Wednesday, December 22, 2010

How To Build an ASP.NET 4.0 Web Service and Consume It With Excel 2007-Part 1

This short series builds upon the previous How to Build a 2-Tier ASP.NET 4.0 Web Site (Parts 1, 2, 3). If you’re jumping in here you’ll need to adjust accordingly.
  1. Right-click on the web project in Solution Explorer, choose Add New Item:
  2. Ensure that Visual C# is chosen under Installed Templates on the left, select Web Service:
  3. Replace the default boilerplate code show here:
    With the following code (begin replacement on line 10 above):
    [WebService(Namespace = "http://pragmatic/")]
    [WebServiceBinding(ConformsTo = WsiProfiles.BasicProfile1_1)]
    public class WebService : 
          System.Web.Services.WebService {
    public DataSet GetCustomerByKey(int CustomerKey)
      DataSet resultSet = new DataSet();
      SqlConnection conn = new SqlConnection(
      using (SqlCommand cmd = new SqlCommand(
    @"SELECT [LastName], [FirstName], [MiddleName], [BirthDate], [EmailAddress], [Phone] 
    FROM [DimCustomer] 
    WHERE ([CustomerKey] = @CustomerKey)"))
                "@CustomerKey", CustomerKey);
      cmd.Connection = conn;
      SqlDataAdapter dataAdapter = 
            new SqlDataAdapter(cmd);
      dataAdapter.Fill(resultSet, "Customer");
      return resultSet;
  4. Here is the resultant web service code-behind file:
  5. Explanation of above lines:
    10: Replace default namespace with meaningful one.
    12: Define a web method called GetCustomerByKey which accepts an integer assigned to the variable “CustomerKey” and returns an ADO.NET DataSet object.
    17: Declare an ADO.NET DataSet that will be populated with the results of the Sql query.
    19-20: Declare an ADO.NET SqlConnection used to connect to the Sql database *AND* initialize the connection string using the same value previously stored in the configuration file from Part 3. Note that your connection string value (shown here as “AdventureWorksDW2008R2ConnectionString” may be different. Open web.config file to obtain the actual value to use from the “name=” attribute:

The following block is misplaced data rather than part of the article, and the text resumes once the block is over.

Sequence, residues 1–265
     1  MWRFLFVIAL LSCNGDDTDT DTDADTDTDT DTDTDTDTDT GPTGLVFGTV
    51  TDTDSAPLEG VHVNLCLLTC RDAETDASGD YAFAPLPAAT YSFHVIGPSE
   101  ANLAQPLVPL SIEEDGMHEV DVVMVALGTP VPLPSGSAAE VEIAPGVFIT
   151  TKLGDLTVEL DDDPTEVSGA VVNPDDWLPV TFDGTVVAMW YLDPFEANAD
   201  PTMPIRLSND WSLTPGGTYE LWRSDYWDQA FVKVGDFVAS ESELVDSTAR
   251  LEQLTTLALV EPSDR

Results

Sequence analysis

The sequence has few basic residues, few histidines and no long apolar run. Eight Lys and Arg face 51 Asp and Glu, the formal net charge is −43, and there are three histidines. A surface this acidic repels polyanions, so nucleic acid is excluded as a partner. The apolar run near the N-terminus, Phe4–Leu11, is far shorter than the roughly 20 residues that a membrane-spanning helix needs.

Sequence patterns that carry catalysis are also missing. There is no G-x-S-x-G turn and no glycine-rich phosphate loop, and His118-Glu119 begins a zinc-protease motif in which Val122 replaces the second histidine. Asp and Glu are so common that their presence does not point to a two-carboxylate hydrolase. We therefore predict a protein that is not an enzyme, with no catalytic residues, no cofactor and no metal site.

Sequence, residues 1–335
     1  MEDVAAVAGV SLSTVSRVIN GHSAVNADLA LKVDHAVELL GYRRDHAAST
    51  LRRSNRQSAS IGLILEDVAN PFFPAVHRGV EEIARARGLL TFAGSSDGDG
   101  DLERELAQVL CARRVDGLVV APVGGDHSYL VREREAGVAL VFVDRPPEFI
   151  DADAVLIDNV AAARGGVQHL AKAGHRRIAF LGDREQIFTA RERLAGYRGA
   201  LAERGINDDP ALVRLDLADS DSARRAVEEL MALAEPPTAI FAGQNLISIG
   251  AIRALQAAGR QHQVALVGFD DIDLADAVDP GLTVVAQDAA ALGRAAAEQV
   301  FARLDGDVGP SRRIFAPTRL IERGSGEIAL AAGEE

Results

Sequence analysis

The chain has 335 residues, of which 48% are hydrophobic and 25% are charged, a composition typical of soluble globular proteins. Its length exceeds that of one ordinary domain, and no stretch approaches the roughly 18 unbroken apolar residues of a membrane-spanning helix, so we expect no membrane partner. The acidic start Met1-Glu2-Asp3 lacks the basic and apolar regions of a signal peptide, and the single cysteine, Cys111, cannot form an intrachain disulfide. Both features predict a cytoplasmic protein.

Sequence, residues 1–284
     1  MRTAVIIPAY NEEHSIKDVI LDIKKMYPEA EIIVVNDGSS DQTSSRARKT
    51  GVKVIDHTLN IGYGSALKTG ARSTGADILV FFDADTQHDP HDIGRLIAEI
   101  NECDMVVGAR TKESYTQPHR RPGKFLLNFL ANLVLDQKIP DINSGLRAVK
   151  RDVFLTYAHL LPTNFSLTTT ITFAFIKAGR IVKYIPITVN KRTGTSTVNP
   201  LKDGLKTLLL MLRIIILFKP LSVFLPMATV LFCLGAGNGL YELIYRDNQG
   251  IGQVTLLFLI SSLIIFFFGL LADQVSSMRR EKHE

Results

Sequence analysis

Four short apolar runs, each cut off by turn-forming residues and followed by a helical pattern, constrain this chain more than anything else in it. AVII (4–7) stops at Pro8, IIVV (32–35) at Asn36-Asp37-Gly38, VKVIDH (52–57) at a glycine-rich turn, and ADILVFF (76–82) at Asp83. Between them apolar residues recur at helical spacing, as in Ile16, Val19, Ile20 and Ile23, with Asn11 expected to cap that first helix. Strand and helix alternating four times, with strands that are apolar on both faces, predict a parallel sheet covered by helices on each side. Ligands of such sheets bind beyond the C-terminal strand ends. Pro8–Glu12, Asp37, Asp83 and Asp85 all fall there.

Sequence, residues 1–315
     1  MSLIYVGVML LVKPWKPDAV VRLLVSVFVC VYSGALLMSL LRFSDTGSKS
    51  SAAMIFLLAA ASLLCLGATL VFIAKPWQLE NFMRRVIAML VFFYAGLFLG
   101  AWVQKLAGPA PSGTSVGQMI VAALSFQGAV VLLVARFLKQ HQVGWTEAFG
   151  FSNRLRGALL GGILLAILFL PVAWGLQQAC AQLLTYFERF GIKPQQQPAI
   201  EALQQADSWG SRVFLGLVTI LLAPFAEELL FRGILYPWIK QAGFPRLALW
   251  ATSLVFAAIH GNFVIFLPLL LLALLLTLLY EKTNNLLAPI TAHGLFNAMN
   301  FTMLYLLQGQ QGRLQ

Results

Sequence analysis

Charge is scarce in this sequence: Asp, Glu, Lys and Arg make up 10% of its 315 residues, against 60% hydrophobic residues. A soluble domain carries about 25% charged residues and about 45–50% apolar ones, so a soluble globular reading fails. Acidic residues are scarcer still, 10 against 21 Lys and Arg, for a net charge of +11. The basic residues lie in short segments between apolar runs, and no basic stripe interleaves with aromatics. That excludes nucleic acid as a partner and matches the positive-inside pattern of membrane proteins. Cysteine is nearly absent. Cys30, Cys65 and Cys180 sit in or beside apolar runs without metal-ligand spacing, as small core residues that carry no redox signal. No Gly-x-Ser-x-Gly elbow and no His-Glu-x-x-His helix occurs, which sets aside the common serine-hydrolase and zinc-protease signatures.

22-24: Construct a SqlCommand using the same SELECT statement previously used in Part 3. Note the “@CustomerKey” parameter token.
    26: Add an entry for the @CustomerKey parameter token and set its value to be the variable that is passed into the web method.
    27: Open the connection to the database.
    28: Associate the open connection to the SqlCommand object so the command will use it.
    29: Declare an ADO.NET DataAdapter and associate it to the SqlCommand object. This “magic” object will take care of a TON of work executing the Sql statement, taking the query results returned from the database and filling the collection of .NET DataSet objects (tables, rows, columns, values) with the result of the query.
    30: Simple little statement calling the Fill method of the DataAdapter, giving it the command to use and the dataset to be filled. This is the truly “magic” part of high-level object oriented programming.
    32: Return the populated dataset to the caller of this method.
  6. To test the web service, simply press “F5” or click the green arrowhead on the toolbar next to “Debug”. When the web browser comes up, type the name of the web service file in the address bar and hit enter:
    Remember that your port number may be different than the :1483 shown above – that’s okay.
  7. You should see the sample web service test page shown here:
  8. Click the “GetCustomerByKey” hyperlink and you’ll see the test page for the web method:
  9. Input a value, such as 11000 and click invoke to see the results of the web method:
  10. You can re-publish the website as shown in the first few steps of Part 3 – no need to go through all the one-time configuration steps however. Verify the web service is published by opening a browser and typing in the correct address:
Next time we’ll use Excel to quickly test consuming the published web service with very little effort.

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